C-section Birth & the Microbiome

Giving birth is one of the most profound experiences of life, occurring every second of every day all over the world. It can also be one of the most overwhelming experiences, especially when pregnancy complications arise.   

According to the World Health Organization, cesarean section (C-section) use continues to rise globally. As a result, we’re seeing more research focusing on the health of these babies, with a specific focus on the microbiome differences between C-section and vaginal delivery. 

New baby born via c-section

What’s a C-section birth? 

There are a variety of delivery methods for giving birth. The two main categories are vaginal delivery and cesarean section. Vaginal delivery is the most common type of birth where the baby comes out through the birth canal. A cesarean section delivery is a surgical procedure for delivering one or more babies through incisions in the mother’s abdomen and uterus.   

C-section baby

Where does the term “cesarean” originate from?

The answer to this question is surprisingly unclear, despite being thoroughly investigated. There are tales that cesarean originated from the birth of Roman leader Julius Caesar back in 100 BC, but most historians disagree. The most accepted origin theory believes cesarean stems from the Latin word caedere, which means to cut.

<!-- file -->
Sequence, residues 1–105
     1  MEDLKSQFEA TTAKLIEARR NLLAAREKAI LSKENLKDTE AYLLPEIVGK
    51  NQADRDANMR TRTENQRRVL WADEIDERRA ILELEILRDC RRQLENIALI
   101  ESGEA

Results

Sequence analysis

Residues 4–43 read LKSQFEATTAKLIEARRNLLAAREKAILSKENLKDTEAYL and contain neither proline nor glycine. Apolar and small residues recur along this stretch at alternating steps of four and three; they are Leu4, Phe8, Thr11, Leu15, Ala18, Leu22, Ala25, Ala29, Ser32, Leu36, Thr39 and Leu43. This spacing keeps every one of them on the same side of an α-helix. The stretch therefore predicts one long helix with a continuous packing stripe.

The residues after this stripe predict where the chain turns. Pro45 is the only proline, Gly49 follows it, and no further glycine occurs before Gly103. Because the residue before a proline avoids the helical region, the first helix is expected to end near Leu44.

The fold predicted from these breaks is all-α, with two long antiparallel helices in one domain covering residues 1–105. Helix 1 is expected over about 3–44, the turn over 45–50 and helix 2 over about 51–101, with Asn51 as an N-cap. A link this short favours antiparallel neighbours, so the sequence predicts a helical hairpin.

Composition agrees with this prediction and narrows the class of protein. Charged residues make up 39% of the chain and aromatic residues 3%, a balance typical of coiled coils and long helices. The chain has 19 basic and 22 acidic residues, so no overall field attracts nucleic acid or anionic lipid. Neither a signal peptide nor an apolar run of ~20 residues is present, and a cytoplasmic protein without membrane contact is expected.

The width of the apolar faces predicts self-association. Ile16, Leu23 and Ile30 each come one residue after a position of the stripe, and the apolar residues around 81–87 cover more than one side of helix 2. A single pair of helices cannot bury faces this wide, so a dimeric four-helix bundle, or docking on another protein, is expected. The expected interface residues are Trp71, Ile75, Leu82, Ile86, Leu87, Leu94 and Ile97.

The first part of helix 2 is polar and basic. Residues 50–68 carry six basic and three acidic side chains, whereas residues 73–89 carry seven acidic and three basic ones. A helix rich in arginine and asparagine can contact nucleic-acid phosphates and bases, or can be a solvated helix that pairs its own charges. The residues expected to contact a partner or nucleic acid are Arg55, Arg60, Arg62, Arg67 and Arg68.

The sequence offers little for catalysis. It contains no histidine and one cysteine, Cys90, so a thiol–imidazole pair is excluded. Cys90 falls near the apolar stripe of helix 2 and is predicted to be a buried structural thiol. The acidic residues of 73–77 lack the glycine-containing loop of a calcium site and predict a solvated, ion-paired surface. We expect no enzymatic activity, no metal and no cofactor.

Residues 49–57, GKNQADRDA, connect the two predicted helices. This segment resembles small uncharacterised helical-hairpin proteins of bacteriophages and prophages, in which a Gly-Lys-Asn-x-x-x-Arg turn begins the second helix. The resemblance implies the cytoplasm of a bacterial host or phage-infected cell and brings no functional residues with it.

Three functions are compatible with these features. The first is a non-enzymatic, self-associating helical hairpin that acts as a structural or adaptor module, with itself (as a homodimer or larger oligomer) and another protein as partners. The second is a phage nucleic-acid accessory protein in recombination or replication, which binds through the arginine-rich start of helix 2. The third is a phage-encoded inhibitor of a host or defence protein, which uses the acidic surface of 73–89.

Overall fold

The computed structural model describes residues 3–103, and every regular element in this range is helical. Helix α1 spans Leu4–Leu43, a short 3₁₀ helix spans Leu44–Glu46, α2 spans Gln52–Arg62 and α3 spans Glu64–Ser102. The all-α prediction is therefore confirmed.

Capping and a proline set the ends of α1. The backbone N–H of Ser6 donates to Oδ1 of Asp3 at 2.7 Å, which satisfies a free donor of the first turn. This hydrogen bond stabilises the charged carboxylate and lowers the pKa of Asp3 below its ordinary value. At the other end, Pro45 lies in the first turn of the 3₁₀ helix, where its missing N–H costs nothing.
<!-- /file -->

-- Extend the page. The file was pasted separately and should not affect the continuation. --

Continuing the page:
According to data collected by the National Center for Health Statistics, about 1 in 3 babies in the United States are born via C-section. Although C-sections can be scheduled for many specific reasons, the need for a first-time C-section birth is often not known until labor has started. A doctor may recommend a C-section for the following reasons: labor not progressing, baby in distress, baby measuring large or in an abnormal position, mother carrying multiple babies, problems with placenta, prolapsed umbilical cord, and mechanical obstruction.  

Birth After C-section  

A common question women have after undergoing a C-section is whether or not they can give birth again. Thankfully, the answer is yes! But it is imperative to allow the body time to heal and recover from the procedure. The suggested time to wait before conceiving again varies from 6 to 24 months, depending on multiple factors. However, most experts advise waiting at least 12 to 15 months before trying to conceive again.    

Depending on the medical reason for having a C-section birth the first time, a mother may be advised to have an elective repeat C-section (ERCS) for her next birth. Vaginal birth after a C-section (VBAC) is also an option. Either method for delivery after a C-section should be researched thoroughly with a medical provider to see what is the safest option for the mother and baby. 

Measuring baby

C-sections are essential and save lives.